In a competitive financial market, the expected rate of return varies over time in a manner that equates the supply of, and demand for, savings. Savers directly invest in financial assets such as stocks and bonds that are issued by companies, they hold bonds issued by governments, and they also invest indirectly through financial institutions such as banks and mutual funds. Firms use the money raised from households and intermediaries to invest in physical assets—property, plant, and equipment—that are inputs into the production process. Over time, the income generated from such physical investments, net of expenses such as wages and maintenance, is used to pay interest and principal to bondholders and to pay dividends to stockholders or to repurchase their shares.

A simple example may help to illustrate the relationship between returns on financial assets, physical assets, and asset prices, and how those quantities are affected by the demand for and supply of savings. Consider a machine that produces $10 worth of output in excess of operating expenses every year forever. A firm finances the purchase of this machine by issuing a share of stock. The market value of the stock depends on the rate of return available to investors on similar investments. For example, if the expected rate of return is 5 percent over the next year and also for every year in the future on similar assets, then the price of the share would be $200. This is because the present value of a perpetual claim on $X, discounted at r percent per year, is $X/r. This price is consistent with the required return for investors: a 5 percent return on $200 is $10 per year.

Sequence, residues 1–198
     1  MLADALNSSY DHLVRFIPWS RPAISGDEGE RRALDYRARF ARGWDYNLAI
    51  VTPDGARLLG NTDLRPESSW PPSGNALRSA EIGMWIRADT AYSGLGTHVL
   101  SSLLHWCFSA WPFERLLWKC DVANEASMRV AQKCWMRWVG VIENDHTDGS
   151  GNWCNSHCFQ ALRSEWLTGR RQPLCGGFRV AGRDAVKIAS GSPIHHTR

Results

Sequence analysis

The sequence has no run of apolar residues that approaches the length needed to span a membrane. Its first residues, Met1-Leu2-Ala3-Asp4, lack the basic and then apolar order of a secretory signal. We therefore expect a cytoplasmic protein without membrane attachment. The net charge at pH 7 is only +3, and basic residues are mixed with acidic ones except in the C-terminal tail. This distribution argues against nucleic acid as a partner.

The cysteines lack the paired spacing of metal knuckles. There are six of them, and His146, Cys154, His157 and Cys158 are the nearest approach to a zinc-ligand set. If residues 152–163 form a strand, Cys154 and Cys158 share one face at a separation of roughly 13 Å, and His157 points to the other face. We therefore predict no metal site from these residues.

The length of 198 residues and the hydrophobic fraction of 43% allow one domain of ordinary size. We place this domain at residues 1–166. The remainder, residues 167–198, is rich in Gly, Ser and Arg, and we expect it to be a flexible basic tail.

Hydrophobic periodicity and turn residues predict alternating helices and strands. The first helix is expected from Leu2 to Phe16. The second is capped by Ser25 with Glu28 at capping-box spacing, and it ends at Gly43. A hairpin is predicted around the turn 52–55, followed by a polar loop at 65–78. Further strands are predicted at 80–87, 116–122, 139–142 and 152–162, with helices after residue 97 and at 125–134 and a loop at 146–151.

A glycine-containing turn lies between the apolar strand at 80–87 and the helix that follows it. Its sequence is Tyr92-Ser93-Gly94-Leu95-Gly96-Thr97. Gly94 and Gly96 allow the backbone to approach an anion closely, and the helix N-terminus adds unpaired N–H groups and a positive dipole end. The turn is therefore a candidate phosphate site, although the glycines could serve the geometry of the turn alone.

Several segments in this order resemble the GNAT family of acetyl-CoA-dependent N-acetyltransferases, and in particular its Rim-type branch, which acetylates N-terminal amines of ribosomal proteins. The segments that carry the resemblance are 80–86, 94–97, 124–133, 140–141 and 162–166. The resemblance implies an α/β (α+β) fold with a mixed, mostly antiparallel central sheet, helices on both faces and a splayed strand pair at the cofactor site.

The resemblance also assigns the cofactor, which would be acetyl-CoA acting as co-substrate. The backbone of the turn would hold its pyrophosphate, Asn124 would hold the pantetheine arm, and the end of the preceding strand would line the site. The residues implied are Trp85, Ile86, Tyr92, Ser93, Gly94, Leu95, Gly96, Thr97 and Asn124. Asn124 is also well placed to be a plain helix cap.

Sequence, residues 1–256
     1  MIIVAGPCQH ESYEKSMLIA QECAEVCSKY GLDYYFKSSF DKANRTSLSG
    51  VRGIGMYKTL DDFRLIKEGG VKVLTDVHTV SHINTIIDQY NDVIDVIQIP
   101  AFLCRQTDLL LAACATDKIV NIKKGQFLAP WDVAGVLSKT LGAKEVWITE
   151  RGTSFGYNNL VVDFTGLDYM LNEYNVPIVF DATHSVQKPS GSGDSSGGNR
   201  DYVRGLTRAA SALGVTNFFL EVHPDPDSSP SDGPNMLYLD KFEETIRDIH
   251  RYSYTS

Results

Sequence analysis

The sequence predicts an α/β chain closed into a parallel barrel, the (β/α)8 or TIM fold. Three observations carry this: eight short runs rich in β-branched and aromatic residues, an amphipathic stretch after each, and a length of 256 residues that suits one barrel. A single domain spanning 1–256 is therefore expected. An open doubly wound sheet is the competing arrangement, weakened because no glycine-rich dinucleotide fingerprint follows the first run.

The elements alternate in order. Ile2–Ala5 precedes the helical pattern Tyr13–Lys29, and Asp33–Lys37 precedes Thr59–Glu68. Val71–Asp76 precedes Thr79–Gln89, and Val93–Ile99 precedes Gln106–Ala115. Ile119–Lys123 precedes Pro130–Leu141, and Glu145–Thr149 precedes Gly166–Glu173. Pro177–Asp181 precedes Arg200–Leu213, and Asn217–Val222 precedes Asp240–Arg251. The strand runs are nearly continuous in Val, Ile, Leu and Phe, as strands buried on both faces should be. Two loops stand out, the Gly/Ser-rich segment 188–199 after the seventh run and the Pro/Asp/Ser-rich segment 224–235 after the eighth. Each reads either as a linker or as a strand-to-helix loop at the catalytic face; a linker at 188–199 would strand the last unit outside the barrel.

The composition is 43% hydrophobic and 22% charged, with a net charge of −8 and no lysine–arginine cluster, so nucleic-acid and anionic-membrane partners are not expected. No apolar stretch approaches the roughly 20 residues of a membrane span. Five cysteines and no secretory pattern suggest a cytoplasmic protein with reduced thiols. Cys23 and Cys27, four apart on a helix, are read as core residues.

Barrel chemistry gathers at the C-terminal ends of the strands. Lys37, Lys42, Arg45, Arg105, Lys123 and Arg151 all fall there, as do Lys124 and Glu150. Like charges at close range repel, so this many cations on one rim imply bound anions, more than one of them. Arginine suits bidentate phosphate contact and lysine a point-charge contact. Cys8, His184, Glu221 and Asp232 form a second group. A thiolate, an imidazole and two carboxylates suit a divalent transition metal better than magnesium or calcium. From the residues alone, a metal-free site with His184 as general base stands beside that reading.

If the cost of building another machine exceeded $200, no new machines would be produced because investors could make a higher return on alternative investments. Alternatively, if the production cost were less than $200, manufacturers would find unlimited demand for their products, since buyers could earn more than the 5 percent available on alternative investments. Thus, new machines would be put into production until the cost of building the units rose or the value of their output fell to the point where any additional machine built would earn 5 percent. Hence the forces of supply and demand for capital cause the expected return on any incremental unit of physical investment—the “marginal physical product of capital”—to equal the expected return on financial assets. The prices of existing financial and physical assets also adjust so that expected rates of return are equalized across investments. Those forces operate internationally; because investors seek the best investment opportunities at home and abroad, expected returns tend to be similar around the world. A more precise statement is that expected risk-adjusted returns are equalized; invest-

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